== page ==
“So far the auto industry’s added 113,000 jobs over the past two years.” So proclaimed President Obama in a speech at the Chrysler/Fiat plant in Toledo , Ohio, that was triumphal despite today’s horrific unemployment numbers. The 113,000 slightly less than the figure the administration and the media have touted all week of 115,000.
But to use some auto terminology, both sets of these jobs figures have been jacked up. As with buying a car, it’s always a good idea to look under the hood. And upon closer examination, this White House’s auto bailout “success” statistics turn into lemons.
In the cases of the GM and Chrysler “repaying” their loans, as my Competitive Enterprise Institute colleague Hans Bader and TruthAboutCars.com editor Edward Niedermeyer have documented, a substantial portion of the payback in both cases was — in Neidermeyer’s words — simply “shuffling government money from one pocket to another.” Chrysler is slated to receive a $3.5 billion Department of Energy loan Niedermeyer argues will free up capital to pay back the bailout funds. And even the White House admitted a couple days ago that the government will still lose $14 billion, though it makes much of the fact that this is much less than the projected taxpayer loss last year of $9 billion
And the White House is performing a similar “shuffle” of industry statistics in crediting all jobs added in the auto sector to the bailouts. Most likely included in the figure of 115,000 or 113,000 new auto industry jobs are jobs at Toyota, Hyundai, BMW and other foreign automakers with U.S. plants — job growth at nonunion plants that can hardly be attributed to the bailout of the domestic companies.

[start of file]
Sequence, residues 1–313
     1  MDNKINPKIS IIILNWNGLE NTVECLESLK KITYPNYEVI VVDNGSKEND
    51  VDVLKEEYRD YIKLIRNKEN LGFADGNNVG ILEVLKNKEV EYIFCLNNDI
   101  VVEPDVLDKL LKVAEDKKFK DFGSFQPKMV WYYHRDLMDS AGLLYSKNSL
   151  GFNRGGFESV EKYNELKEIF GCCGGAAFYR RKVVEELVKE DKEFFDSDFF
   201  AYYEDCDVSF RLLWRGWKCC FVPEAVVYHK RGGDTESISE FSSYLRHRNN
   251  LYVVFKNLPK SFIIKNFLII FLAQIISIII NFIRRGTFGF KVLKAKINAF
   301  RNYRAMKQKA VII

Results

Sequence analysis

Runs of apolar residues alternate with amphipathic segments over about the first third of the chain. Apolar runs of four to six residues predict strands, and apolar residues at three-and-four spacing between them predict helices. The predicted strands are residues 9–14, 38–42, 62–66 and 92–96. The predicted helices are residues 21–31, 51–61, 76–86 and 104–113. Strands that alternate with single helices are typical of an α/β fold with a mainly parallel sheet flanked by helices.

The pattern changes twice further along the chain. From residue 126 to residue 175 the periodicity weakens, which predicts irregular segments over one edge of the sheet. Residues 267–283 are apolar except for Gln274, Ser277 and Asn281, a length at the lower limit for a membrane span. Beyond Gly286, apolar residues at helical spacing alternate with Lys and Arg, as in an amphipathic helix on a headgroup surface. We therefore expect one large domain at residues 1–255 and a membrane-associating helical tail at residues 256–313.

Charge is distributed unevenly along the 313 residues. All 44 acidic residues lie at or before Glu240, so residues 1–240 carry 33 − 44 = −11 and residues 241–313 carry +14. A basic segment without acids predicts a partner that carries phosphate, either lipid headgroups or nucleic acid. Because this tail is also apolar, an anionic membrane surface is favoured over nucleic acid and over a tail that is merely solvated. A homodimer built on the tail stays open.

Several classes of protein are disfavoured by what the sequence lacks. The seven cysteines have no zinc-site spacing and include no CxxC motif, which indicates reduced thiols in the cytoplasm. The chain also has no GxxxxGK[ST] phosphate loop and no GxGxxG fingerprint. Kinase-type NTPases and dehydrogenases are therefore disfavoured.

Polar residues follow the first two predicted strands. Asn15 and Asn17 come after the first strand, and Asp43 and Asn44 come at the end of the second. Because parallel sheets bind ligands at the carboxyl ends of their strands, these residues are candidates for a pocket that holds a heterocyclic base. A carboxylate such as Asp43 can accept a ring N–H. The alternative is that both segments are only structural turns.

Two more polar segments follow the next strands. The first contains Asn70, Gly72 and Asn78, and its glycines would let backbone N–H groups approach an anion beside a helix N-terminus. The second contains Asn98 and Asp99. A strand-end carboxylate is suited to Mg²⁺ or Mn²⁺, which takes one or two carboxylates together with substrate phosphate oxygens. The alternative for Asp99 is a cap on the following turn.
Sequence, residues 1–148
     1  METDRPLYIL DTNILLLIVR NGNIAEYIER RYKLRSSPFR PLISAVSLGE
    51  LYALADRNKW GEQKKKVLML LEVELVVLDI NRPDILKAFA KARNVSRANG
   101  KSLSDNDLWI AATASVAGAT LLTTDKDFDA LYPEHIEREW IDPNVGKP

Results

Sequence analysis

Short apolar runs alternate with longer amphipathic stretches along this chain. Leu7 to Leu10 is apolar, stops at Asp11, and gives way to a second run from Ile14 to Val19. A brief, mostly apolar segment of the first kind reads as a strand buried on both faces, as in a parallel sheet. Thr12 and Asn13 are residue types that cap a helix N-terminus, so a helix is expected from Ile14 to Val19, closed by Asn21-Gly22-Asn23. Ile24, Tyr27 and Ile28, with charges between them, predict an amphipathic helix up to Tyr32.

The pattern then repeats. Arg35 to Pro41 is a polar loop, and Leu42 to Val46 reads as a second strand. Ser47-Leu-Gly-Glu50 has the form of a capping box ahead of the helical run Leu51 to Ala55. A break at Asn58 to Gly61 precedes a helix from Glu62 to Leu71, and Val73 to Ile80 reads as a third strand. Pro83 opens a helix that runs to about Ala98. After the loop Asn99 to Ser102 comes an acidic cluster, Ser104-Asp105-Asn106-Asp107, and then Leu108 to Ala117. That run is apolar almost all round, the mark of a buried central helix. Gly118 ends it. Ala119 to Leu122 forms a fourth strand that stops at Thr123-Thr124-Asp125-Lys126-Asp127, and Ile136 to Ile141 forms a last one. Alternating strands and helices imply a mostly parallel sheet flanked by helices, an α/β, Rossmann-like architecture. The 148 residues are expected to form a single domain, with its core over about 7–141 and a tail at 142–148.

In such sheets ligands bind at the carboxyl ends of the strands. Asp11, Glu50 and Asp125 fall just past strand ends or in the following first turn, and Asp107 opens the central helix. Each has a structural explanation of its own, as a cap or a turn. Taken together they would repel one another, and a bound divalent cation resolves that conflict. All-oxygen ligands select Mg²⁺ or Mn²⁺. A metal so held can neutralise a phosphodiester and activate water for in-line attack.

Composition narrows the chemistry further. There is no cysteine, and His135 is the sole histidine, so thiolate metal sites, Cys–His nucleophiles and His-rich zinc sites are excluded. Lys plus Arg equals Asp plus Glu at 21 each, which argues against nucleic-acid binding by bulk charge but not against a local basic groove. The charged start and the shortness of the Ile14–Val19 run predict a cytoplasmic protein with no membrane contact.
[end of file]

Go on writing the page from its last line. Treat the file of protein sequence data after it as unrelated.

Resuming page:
The number of jobs “saved or created” that can be directly attributed to GM or Chrysler is a fraction of that. And on net, when examining the jobs lost as a result of the bailout through rapid dealer closings and the scaring away of investors due to the reckless disregard of contract obligations to favor Big Labor and auto giant Fiat SpA, a case can be made that the bailouts were actually a job-killer.
In their touting of the 115,000 job number, note the careful parsing of words in statements from the Obama and administration officials. They start out speaking of rescuing GM and Chrysler, yet end the sentence or paragraph citing job growth figures for the entire automotive industry
On June 1, for example, the White House issued a report claiming, “Since GM and Chrysler emerged from bankruptcy, the auto industry [emphasis added] has created 115,000 jobs.” Treasury Secretary Tim Geithner chirped the same statistic in an op-ed in the Washington Post, bragging that since GM filed for bankruptcy, “the industry [emphasis added] has added new shifts and 115,000 jobs.”
And recall that in his speech today, Obama himself referred to the “auto industry.” But just what is meant by “the industry?” Geithner’s op-ed and the new White House report do not cite a source, but earlier White House “brag sheets” and reports attribute the job growth figures to the Department of Labor’s Bureau of Labor Statistics. And indeed BLS’s industry category of “motor vehicles and parts” does show substantial growth since the summer of 2009 — a near-bottom of the recession.
The problem for Obama is, though, whether we’re talking about 60,000 or 80,000 additional jobs, this figure includes U.S. jobs created by all manufacturers — foreign and domestic. As pundit Sam Foster wrote in the Daily Caller, “That means Toyota jobs, Hyundai jobs, Ford jobs or any other job creation from an automaker so long as they were residing in America.”
And it is of course very good news, as well as a tribute to the quality of America’s labor force, that foreign auto and auto parts makers want to hire here, and that manufacturing in general has been experiencing a pickup (though just-released figures show the rate of manufacturing job growth falling back to its lowest point since September, paralleling the trends in overall employment).